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What an all-English final says about the state of the nation

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There have never been more English players in a Champions League final since the old competition was reformatted to include group stages, non-domestic champions and dozens of adverts for Gazprom, than in 2008 when 10 took the field in Moscow.

And there have never been fewer in an international tournament this century than 2008, when zero Englishmen took the field over the course of three weeks at that year's European Championships, the golden generation's lost summer. The abiding memory from the aftermath of the 3-2 defeat by Croatia that sealed England's fate the previous November had been Slaven Bilic's observation about how badly underestimated his players had been. "I read somewhere that none of my players would get in the England team," he said. "Guys, wake up".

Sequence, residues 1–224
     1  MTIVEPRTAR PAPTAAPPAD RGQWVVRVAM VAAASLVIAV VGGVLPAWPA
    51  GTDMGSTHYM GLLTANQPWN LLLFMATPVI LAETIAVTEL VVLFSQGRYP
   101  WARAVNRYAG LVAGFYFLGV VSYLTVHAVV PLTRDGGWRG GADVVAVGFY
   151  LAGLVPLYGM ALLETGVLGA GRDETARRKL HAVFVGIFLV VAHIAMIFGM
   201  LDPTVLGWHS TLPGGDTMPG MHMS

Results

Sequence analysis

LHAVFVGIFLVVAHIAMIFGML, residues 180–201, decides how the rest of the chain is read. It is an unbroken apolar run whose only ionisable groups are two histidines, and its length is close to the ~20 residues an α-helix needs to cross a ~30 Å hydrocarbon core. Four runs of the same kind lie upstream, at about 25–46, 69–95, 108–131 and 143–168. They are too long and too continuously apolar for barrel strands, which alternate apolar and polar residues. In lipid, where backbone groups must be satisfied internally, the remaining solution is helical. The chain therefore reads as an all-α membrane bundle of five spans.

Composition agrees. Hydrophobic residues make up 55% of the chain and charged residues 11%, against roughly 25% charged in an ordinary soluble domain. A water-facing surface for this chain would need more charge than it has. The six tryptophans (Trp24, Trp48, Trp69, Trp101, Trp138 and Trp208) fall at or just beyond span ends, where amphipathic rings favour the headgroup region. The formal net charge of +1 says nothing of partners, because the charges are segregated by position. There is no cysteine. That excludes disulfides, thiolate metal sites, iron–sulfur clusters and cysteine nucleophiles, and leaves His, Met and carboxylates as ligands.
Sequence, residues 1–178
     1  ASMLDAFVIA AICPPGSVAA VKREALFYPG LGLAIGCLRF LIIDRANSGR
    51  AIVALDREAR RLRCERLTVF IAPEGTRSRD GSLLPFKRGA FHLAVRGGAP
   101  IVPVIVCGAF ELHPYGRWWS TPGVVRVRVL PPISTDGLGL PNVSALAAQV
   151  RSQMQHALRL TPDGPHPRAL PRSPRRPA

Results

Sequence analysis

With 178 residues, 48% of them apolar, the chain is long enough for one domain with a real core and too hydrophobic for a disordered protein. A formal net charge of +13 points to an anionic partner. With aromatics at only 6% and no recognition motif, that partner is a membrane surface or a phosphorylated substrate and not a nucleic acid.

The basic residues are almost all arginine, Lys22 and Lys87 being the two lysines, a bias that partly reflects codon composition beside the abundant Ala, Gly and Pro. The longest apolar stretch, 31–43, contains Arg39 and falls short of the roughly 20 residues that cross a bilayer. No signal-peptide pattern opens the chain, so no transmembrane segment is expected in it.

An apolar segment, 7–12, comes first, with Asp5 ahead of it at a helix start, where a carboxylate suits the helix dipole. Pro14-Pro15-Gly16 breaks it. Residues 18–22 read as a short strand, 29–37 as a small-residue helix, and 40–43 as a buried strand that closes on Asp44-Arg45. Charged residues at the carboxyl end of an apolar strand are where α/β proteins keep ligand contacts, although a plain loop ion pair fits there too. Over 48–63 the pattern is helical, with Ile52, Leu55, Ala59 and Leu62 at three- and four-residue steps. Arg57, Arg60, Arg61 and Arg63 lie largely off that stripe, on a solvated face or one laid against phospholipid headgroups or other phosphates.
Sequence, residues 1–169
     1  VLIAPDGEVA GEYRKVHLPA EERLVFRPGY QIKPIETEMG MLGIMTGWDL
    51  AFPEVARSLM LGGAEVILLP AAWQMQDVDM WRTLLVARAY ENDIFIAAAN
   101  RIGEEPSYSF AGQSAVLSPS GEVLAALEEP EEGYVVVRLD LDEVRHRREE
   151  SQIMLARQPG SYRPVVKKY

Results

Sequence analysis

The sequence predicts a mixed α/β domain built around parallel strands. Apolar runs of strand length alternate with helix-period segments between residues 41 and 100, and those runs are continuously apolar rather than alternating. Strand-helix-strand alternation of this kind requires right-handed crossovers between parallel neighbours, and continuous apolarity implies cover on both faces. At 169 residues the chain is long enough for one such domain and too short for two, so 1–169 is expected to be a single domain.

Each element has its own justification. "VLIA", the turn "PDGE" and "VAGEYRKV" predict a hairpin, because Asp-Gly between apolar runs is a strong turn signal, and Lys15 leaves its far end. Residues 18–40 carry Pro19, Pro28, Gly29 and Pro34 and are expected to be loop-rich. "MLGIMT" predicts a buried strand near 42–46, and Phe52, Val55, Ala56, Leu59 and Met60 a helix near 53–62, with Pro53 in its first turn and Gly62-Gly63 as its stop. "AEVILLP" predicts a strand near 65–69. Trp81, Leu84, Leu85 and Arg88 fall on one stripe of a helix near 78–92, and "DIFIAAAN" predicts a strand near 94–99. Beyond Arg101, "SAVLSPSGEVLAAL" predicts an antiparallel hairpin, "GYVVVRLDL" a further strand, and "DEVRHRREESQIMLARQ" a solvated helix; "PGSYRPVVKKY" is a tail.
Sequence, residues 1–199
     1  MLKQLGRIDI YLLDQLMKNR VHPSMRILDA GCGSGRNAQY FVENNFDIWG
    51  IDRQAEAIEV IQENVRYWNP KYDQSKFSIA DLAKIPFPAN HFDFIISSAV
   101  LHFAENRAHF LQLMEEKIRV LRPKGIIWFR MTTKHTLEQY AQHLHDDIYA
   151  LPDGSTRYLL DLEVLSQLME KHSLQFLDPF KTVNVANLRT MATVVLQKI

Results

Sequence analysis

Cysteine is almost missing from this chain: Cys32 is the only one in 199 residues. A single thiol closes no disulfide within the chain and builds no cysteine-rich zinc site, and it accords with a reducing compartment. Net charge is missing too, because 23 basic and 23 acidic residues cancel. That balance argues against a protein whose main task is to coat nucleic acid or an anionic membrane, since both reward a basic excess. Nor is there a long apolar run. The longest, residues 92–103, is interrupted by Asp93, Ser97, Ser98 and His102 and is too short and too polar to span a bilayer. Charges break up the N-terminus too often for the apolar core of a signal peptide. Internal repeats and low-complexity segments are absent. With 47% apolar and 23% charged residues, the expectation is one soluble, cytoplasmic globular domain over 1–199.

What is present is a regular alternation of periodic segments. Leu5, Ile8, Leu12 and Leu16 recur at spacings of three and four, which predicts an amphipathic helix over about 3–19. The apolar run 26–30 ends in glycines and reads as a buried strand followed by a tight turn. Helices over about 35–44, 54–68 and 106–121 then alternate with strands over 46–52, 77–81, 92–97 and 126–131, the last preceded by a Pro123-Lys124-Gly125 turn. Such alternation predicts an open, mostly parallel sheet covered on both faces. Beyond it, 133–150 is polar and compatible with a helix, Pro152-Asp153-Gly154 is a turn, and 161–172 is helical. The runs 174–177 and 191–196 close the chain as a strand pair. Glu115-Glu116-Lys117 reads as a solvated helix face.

The season 2007-8 was a confusing year in that respect: two English teams in the final for the first time in the history of the Champions League, and a national team so dire that by August, a late equaliser against the Czech Republic at Wembley felt like a decent result. One key forgotten detail that gets lost along the way, obstructed in history's view by the Football Association brolly that stood as a motif for the day, was that Steve McClaren's team had terrible injury and availability problems for that fateful final qualifier. Indeed, only two of the 10 England internationals from Manchester United and Chelsea who started the Champions League........

© The Age